Ahead of the formulation of a new Basic Housing Law, Portuguese tenant organizations, homeless networks and activist groups appealed to parliamentarians in an open letter on May 7 to enforce the constitutional promise of the right to housing. They also asked MPs to mandate a provision for immediate temporary residences for the tenants during the time of any unavoidable eviction procedures.
The letter was endorsed by 22 organizations, including the Lisbon Tenants’ Association (AIL), the Morar Platform in Lisbon, Habita, Citizen Academy, Dwells! – Collective for the right to housing, Stop Evictions, etc.
In the letter, they said that according to Article 65 of the Portuguese constitution, it is the responsibility of the state to ensure access to adequate housing, which is an inalienable, unconditional and a constitutionally guaranteed right. “It does not pity the permission, under any circumstances, of eviction processes – where there are no adequate alternatives or adequate means of subsistence, the family situation should necessarily be analyzed and the appropriate means to support families in the case of financial disability to maintain their housing,” the letter said.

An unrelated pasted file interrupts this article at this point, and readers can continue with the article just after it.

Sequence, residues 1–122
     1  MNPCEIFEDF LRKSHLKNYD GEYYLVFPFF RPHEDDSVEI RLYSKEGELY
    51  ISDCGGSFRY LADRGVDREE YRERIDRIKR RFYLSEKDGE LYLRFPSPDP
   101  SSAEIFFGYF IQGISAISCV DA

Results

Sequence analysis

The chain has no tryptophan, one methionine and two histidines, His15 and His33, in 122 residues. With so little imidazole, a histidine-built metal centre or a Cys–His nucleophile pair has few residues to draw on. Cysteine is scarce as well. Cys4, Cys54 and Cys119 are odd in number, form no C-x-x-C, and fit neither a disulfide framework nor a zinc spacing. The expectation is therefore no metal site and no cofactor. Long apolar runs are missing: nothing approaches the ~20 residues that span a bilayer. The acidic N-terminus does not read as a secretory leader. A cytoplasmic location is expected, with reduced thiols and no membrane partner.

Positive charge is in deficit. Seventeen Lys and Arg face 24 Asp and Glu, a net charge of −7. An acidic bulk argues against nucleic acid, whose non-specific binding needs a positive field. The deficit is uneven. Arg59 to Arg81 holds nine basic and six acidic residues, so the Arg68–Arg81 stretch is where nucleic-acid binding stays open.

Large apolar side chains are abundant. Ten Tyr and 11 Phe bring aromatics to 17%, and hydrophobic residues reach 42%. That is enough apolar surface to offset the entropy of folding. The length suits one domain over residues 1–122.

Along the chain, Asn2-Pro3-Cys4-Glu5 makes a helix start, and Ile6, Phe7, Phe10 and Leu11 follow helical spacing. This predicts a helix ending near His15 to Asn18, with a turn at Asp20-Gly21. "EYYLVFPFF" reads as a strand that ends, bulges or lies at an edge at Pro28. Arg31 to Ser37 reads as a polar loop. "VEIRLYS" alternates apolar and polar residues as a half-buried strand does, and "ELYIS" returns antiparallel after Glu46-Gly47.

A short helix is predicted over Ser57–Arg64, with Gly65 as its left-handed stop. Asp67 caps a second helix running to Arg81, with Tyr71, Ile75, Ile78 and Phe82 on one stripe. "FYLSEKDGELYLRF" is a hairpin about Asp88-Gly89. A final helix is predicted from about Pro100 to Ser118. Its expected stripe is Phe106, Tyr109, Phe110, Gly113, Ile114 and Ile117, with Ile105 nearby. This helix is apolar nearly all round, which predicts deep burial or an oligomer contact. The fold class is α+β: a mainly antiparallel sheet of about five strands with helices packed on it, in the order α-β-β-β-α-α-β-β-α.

The proposals and suggestions from the Socialist Party (PS), the Portuguese Communist Party (PCP) and the Left Bloc (BE) are under discussion in the parliamentary working group on Housing, Urban Rehabilitation and City Policies.
According to Esquerda, voting would take place over the next week and the final text would be finalized for adoption by the end of May in the parliament.
The Portuguese Communist Party (PCP) said that only the intervention of the State can ensure the access of all to decent housing, as per Article 65. “The right is today denied to about 200,000 families. The State is required to intervene in the creation of urban land, building and rehabilitation of the building, and the promotion of lease,” it added.
Earlier, in the wake of the call for a new Basic Housing Law, the Lisbon’s landlords’ association (ALP) had raised concerns over the proposal for requisition and upgrading of empty run-down properties to provide rental accommodation for families in need. ALP called it “an attack on the right to own property”.
Socialist Party (PS) MP Helena Roseta told Politico, “The state is looking for the instruments to respond to the problem of homelessness. In 1975, we had less houses. Nowadays, we have more houses. And it is not only on the periphery, it is in the city centers. The problem lies in its inaccessibility to many families, given the value of rents”.